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Court grants injunction against Jackson laws that targeted Orthodox Jewish community

JACKSON – A federal judge has granted a preliminary injunction against two Jackson ordinances the judge found to be discriminatory against the Orthodox Jewish community.

U.S. District Judge Michael A. Shipp, sitting in the U.S. District Court for the District of New Jersey, made the preliminary decision regarding the case of Agudath Israel of America and WR Property, LLC, v. Township of Jackson on May 5.

Agudath Israel of America is an organization that advocates for the interests of the Orthodox Jewish community.

WR Property, LLC, is a developer which owns 5 acres in Jackson which was purchased in 2014 for the purpose of developing or marketing it for development for an Orthodox Jewish religious school.

In response to a request for a comment regarding Shipp’s decision, Jackson Business Administrator Terence Wall said “the township will carefully review the court’s decision and determine the best path forward for our entire community.”

The lawsuit was filed over two ordinances that were adopted by the Jackson Township Council in 2017:

• Ordinance 03-17 amended the use of dormitories and schools in various zones throughout Jackson;

• Ordinance 20-17 amended an ordinance which stated that “no person shall encumber or obstruct any street or public place with any article or thing whatsoever.”

In recent years, a growing number of Orthodox Jews have moved to Jackson.

In 2017, Agudath Israel of America initiated legal action after council members adopted the ordinance that prohibits the construction of dormitories in all zoning districts in Jackson.

Although no dormitories had been proposed, municipal officials said they were taking the action because dormitories were not previously addressed in the municipal code.

Agudath Israel of America asserted that the ordinance was enacted to prevent schools for Orthodox Jewish students, and dormitories to house those students, from being constructed in Jackson. The organization claims the ban violates federal law.

The organization amended its complaint later that year after the council took action that members of the Orthodox Jewish community asserted would prevent the establishment of an eruv.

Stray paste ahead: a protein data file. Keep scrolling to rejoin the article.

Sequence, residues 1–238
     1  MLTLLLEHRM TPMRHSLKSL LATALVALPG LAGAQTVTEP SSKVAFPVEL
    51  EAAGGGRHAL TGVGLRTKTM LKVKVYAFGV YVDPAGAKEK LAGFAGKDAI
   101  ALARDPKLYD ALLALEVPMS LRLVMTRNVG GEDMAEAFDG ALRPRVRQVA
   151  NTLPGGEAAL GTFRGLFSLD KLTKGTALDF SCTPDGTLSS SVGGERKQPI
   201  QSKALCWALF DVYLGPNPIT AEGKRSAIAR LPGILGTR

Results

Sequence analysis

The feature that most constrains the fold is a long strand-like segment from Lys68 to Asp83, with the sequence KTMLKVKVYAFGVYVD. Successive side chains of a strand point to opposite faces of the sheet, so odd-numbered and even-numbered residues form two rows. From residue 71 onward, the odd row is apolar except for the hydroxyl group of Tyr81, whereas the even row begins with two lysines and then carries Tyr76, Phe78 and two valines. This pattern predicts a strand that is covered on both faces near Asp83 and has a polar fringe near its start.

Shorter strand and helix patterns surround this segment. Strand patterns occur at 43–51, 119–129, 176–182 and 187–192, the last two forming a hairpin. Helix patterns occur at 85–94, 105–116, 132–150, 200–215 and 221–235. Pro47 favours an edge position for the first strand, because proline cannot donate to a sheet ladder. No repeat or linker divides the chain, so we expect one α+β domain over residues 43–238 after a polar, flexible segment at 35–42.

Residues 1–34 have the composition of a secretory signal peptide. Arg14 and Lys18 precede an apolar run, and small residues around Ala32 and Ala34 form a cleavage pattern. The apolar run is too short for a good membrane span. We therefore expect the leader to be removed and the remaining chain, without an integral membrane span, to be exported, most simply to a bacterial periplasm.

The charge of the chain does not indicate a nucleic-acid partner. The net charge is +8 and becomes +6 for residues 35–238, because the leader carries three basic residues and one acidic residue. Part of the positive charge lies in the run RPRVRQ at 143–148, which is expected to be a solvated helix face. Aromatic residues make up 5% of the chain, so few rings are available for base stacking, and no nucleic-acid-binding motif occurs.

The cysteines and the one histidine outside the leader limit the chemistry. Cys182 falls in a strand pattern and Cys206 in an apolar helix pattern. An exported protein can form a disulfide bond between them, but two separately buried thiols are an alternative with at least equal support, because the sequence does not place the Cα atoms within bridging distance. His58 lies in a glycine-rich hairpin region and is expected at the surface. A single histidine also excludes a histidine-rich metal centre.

An eruv is an area enclosed by a wire boundary that symbolically extends the private domain of Jewish households into public areas, permitting activities within the eruv that are normally forbidden in public on the Sabbath (Friday night though Saturday sundown).

The preliminary injunction concerns the dormitory ordinance (03-17) and the eruv ordinance (20-17).

In his decision, Shipp discussed the issue of a law (ordinance) being discriminatory on its face and went on to write, “Here, there is no dispute that the ordinances are not facially discriminatory. But ‘facial neutrality is not determinative.’

“As the U.S. Supreme Court explained, ‘The Free Exercise (of religion) Clause … extends beyond facial discrimination. The clause forbids subtle departures from neutrality and covert suppression of particular religious beliefs. Official action that targets religious conduct for distinctive treatment cannot be shielded by mere compliance with the requirement of facial neutrality. The Free Exercise Clause protects against government hostility which is masked, as well as overt. The Court must survey meticulously the circumstances of governmental categories to eliminate, as it were, religious gerrymanders,’ ” Shipp wrote.

Shipp wrote, “After review, the Court finds that plaintiffs presented sufficient evidence in support of their argument that the ordinances were passed with a discriminatory purpose.”

As a result of the ruling, Jackson’s municipal officials and employees are enjoined from enforcing the two ordinances pending a final decision in the matter.

In the interim, the plaintiffs must follow the applicable application procedures for obtaining permits and approvals for the construction of schools and an eruv that were in effect prior to the enactment of the 2017 ordinances, according to Shipp’s ruling.

The plaintiffs claimed Mayor Michael Reina and former councilmen attempted to prevent Orthodox Jews from buying homes in Jackson.

According to the lawsuit, one former councilman allegedly told residents that “the threat (of Orthodox Jews moving to Jackson) can be eliminated if people held their ground and refused the offers being made on their properties and remain committed to Jackson and their neighbors.”

In addition, following a meeting with Reina, one resident commented on social media that “Meet the Mayor was a success. The (Jackson Strong) signs will be great success to let everyone know Don’t Sell, Jackson Strong! The mayor said the key to keeping Jackson the way we all know and love it is to tell your neighbors don’t sell, stay strong.”

In deposition testimony, according to the court’s ruling, former councilman Ken Bressi said several elected officials spoke to him about “ways of stopping the Orthodox Jewish community from moving to Jackson.”

In his deposition Bressi asserted he knows, based on conversation, that several elected officials were affiliated with and acted to further the objectives of the group known as Jackson Strong.

Sieglinde Rath was the lead attorney for the plaintiffs and attorney Donna Marie Jennings represented WR Property, LLC. They could not be reached for comment.

Howard B. Mankoff and Pauline F. Tutelo represented Jackson. They could not be reached for comment.

Reina could not be reached for comment.

– Managing Editor Mark Rosman contributed to this article.

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